I am standing in the entryway hanging up a coat that is covered in dog hair. We started installing the wireless dog fencing system this afternoon, and poor little Lucky is now in her happy place. Her kennel. I must say, I have enjoyed her more since she started training than I ever did before. The wireless shock collar seems to have quite literally done exactly what we expected and then some…the effect of which has made her even more dim-witted than she normally is. After her training session, she appears calm and quiet, and I am presently reconsidering all the ill-will and negative thoughts I have sent her way up until this afternoon. Not the least of which, many of those thoughts having been channeled the other day when Husband chased her a half an hour before work on the road in front of our house. She stopped traffic going in both directions while Hubby ran wildly around cars passing slowly in front of our home. I was in the house pretending like I didn’t know what was going on.
Perhaps shock treatment will scare the stupid out of her. One can only hope.
I say all that to say this. It has been a long day, and I want nothing more right now than to collapse in a chair, pull a pillow over my face and perhaps scream a little or maybe just pass out. Whichever comes first. As it is 6:00 p.m., I am sensing the pressing need to unwind and then start gearing up for another work week. Just as I turn to head through the door to the kitchen, my son comes in the side door behind me.
“Can we make cookies?” he asks.
I pause. I am all ready to start in on a litany of reasons why I cannot possibly do so tonight. One good reason being my kitchen is spotless, and I really don’t feel like creating a kitchen disaster zone at this time of the night.
“Not tonight,” I say brusquely. And then, I pivot so I can look at him while I take a deep breath and ready myself to give a two-minute spiel on Why One Does Not Allow Children In The Kitchen After Supper To Cook. That is, until I see his face. And in particular, I see that sad look in his eyes that is piercing my heart with emotional daggers. It breaks me every time.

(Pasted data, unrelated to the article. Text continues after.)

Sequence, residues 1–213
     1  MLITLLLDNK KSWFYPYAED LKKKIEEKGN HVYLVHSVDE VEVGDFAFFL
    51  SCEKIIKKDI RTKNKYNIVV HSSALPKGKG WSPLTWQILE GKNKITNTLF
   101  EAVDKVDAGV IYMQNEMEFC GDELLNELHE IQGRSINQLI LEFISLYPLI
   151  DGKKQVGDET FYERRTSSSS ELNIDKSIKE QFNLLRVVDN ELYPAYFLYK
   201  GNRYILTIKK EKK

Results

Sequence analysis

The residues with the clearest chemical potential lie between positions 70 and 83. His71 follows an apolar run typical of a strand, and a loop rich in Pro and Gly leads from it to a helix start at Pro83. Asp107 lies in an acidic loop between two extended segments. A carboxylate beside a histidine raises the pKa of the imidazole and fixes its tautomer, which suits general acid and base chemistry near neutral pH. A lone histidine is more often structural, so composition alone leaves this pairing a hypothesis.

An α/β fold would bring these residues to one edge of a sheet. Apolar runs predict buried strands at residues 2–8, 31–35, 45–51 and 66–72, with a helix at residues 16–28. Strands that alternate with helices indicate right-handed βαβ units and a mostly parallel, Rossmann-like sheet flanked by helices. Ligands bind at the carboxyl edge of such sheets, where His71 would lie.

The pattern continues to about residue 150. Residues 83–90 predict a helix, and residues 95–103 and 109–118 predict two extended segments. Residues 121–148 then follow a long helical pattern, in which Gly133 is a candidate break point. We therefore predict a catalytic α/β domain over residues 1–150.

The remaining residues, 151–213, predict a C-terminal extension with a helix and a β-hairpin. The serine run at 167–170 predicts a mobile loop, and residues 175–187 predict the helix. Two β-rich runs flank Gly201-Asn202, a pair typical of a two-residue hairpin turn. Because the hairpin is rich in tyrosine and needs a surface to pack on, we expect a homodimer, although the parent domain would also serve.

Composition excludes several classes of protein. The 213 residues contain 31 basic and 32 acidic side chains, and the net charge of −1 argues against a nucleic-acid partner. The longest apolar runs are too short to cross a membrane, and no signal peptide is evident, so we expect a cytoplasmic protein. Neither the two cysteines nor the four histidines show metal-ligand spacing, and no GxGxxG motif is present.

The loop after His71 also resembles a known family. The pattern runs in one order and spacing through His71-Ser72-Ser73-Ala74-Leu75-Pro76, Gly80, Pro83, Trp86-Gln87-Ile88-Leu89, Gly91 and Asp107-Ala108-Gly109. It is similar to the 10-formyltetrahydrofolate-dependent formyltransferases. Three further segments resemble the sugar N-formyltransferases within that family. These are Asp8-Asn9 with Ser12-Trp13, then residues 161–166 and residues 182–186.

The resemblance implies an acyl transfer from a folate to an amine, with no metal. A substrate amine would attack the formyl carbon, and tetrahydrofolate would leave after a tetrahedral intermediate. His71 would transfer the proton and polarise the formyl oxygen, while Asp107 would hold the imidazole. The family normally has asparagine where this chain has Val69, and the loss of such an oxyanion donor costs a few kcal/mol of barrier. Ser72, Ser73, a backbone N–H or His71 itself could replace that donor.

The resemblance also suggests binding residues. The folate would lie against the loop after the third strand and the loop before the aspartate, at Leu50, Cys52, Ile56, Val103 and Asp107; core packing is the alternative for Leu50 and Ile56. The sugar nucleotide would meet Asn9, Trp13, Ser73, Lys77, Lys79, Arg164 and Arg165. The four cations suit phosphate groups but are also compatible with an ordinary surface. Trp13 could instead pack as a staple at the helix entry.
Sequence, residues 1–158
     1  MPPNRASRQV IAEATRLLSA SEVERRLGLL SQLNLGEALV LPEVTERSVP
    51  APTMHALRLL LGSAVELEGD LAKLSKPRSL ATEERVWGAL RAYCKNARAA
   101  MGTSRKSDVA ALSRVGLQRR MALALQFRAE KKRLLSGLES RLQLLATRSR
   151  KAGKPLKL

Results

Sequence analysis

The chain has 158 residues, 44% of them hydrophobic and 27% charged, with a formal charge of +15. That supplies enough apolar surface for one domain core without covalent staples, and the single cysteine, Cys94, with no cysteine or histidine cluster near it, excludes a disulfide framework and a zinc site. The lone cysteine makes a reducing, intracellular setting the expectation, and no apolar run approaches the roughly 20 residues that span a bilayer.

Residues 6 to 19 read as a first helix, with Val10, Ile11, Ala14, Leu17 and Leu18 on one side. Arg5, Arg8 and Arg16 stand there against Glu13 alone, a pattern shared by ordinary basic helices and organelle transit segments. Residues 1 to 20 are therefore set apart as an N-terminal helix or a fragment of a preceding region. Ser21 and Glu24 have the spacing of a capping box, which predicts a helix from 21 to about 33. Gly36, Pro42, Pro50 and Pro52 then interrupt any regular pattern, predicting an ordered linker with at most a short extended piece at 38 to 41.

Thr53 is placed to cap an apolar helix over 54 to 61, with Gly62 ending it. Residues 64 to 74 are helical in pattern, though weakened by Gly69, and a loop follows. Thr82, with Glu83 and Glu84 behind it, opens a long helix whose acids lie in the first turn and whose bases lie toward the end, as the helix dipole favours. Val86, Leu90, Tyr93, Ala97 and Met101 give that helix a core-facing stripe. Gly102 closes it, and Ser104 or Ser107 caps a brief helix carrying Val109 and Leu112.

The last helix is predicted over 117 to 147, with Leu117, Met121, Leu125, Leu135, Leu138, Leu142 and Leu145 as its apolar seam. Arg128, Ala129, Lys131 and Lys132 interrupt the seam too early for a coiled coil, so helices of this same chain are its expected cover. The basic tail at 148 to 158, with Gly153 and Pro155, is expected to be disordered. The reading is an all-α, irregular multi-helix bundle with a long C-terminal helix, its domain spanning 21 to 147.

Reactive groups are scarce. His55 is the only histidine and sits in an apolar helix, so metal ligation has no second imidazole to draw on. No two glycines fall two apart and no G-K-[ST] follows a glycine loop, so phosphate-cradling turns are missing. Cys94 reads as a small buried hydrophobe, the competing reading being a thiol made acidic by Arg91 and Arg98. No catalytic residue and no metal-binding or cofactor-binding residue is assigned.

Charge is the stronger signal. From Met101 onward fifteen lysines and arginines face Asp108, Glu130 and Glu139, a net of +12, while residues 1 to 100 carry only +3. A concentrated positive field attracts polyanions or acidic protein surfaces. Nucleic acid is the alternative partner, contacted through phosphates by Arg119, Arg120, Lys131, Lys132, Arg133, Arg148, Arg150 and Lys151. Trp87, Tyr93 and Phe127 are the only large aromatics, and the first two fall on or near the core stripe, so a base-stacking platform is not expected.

“Okay,” I say hesitantly. I am still not quite committed to the idea of flour tossed all over my spotless kitchen and smeared chocolate chips on my white appliances.
“You’re the best, Mom,” he says quickly.
I concede to him the victory, and we dig out the recipe scratched out on a piece of loose leaf paper written in my son’s hand.
The recipe was invented the other day when Son spent some time in the kitchen with his five male cousins. His dear Aunt allowed the boys to concoct and cook a recipe of their own selection from which something edible would hopefully arise. I must remember to thank her for this later. She has one million mommy-brownie points now in my book. They devised a recipe for Chocolate Chip Cookies. With extras. It calls for 1 ½ teaspoons of flour and a cup of marshmallows. The recipe ingredients are also part of the reason why I am not really excited for this little baking adventure to begin. You get the picture.
However, because I have already played the role of villaness several times today, I am feeling quite generous. I dig out everything on his list. In lieu of chocolate syrup, of which he needs a few tablespoons, I create a blend of Quik chocolate milk powder and hot water, which I proceed to stir up chemist style in a little ceramic dish.